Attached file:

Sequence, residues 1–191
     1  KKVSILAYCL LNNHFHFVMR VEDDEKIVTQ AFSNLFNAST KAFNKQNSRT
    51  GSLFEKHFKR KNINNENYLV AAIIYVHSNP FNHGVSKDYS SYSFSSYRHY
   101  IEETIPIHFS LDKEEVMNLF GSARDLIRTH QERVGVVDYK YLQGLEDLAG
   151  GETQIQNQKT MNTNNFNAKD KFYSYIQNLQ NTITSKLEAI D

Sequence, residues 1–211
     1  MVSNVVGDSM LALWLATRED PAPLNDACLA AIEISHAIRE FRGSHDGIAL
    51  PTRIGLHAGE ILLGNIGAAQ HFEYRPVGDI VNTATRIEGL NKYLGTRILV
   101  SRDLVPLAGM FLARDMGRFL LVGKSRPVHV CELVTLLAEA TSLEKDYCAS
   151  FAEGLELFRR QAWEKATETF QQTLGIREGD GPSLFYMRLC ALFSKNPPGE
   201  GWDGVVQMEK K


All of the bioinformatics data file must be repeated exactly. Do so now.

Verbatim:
Sequence, residues 1–191
     1  KKVSILAYCL LNNHFHFVMR VEDDEKIVTQ AFSNLFNAST KAFNKQNSRT
    51  GSLFEKHFKR KNINNENYLV AAIIYVHSNP FNHGVSKDYS SYSFSSYRHY
   101  IEETIPIHFS LDKEEVMNLF GSARDLIRTH QERVGVVDYK YLQGLEDLAG
   151  GETQIQNQKT MNTNNFNAKD KFYSYIQNLQ NTITSKLEAI D

Sequence, residues 1–211
     1  MVSNVVGDSM LALWLATRED PAPLNDACLA AIEISHAIRE FRGSHDGIAL
    51  PTRIGLHAGE ILLGNIGAAQ HFEYRPVGDI VNTATRIEGL NKYLGTRILV
   101  SRDLVPLAGM FLARDMGRFL LVGKSRPVHV CELVTLLAEA TSLEKDYCAS
   151  FAEGLELFRR QAWEKATETF QQTLGIREGD GPSLFYMRLC ALFSKNPPGE
   201  GWDGVVQMEK K